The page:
WEITER, A. (pseudonym of Eisik Meir Devenishski ; 1878–1919), editor, political agitator, and Yiddish writer. Born in a village near Vilna, Weiter early joined the revolutionary movement, becoming active in the Jewish Labor *Bund. Imprisoned in 1899 and in 1902–04, he participated in the 1905 Revolution. In 1910 he became the first editor of the Vilna-based Boris Kletzkin Yiddish publishing house. He proposed its strictly non-profit character and aspiration to maximize the author's royalties. In 1912, he was exiled to Siberia, where he remained until the outbreak of the 1917 Revolution. He then lived in Petrograd and Nizhni Novgorod and at the end of 1918 settled in Vilna, where he was shot by the Polish Legionnaires who occupied the city in 1919.
Weiter wrote plays, short stories, and essays. In his early period (1898–1906), most of his writings were of a political nature, but in his second period (1906–19) his plays were free of any political motifs. In his blank-verse play, Fartog ("Dawn," 1907), he displayed in symbolic form the moods of the Jewish intellectuals on the eve of the 1905 Russian Revolution. In his second play, In Fayer ("In Fire," 1910), Weiter expressed the alienation and loneliness of the younger generation and their longing for a full and creative Jewish life. In his third drama, Der Shtumer ("The Mute," 1912), he portrayed the suffering of his generation, whose expectations of a new freedom were not fulfilled. Weiter was one of the first writers to give expression to the estranged Jewish intellectual's longing to return to Jewishness and to his renewed search for Jewish roots and Jewish values.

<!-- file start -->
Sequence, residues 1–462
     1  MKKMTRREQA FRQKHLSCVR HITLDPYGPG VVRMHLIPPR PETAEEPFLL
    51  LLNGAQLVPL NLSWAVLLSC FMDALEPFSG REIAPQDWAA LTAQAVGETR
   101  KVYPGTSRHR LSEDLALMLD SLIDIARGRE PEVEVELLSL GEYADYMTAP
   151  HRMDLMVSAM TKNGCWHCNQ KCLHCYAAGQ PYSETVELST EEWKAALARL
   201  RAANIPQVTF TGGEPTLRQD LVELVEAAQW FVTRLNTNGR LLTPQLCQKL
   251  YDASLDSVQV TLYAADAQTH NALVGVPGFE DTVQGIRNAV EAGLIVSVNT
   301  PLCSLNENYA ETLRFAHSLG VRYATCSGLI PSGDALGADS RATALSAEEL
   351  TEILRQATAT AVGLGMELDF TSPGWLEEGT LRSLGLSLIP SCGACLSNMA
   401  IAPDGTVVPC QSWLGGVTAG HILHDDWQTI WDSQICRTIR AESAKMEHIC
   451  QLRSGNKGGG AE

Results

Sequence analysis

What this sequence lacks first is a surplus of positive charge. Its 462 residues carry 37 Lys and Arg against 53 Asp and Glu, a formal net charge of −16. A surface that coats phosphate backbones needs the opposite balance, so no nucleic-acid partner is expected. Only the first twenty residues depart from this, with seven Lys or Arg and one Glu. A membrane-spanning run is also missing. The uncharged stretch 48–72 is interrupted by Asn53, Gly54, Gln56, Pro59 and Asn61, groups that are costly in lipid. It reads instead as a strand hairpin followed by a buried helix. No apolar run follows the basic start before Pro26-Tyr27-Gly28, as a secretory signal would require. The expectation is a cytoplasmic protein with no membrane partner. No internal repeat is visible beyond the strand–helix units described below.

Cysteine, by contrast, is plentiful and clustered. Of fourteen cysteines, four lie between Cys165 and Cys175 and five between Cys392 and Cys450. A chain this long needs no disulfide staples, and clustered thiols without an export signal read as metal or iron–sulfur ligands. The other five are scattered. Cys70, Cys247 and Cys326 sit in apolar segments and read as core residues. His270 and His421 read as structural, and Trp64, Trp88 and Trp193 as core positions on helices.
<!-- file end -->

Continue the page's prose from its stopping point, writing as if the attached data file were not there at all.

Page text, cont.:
In 1908, A. Weiter, together with S. Gorelik and Samuel *Niger, edited and published the Literarishe Monatshriftn, a journal which became a rallying point for the young writers who believed in a renaissance of Jewish life and letters and a revitalized Jewish culture. Among the works that Weiter translated were Gorki's My Childhood and Max Halbe's In Stream (together with Z. *Rejzen). Weiter's works were published in a one-volume edition in Vilna (1923), edited, with a full biography, by A.J. Goldshmidt.
Rejzen, Leksikon, 1 (1926), 929–38; lnyl, 3 (1960), 338–43; S. Liptzin, Flowering of Yiddish Literature (1963), 162–4; Weiter-Bukh (1920); Bikher-Velt, 1 no. 4–5 (Kiev 1919), 118–20.add. bibliography: E. Gordon-Mlotek, in: yivo Bleter, New Series, vol. 2 (1994), 43–66.
[Elias Schulman /
Gennady Estraikh (2nd ed.)]
"Weiter, A.." Encyclopaedia Judaica. . Encyclopedia.com. (November 15, 2018). https://www.encyclopedia.com/religion/encyclopedias-almanacs-transcripts-and-maps/weiter
"Weiter, A.." Encyclopaedia Judaica. . Retrieved November 15, 2018 from Encyclopedia.com: https://www.encyclopedia.com/religion/encyclopedias-almanacs-transcripts-and-maps/weiter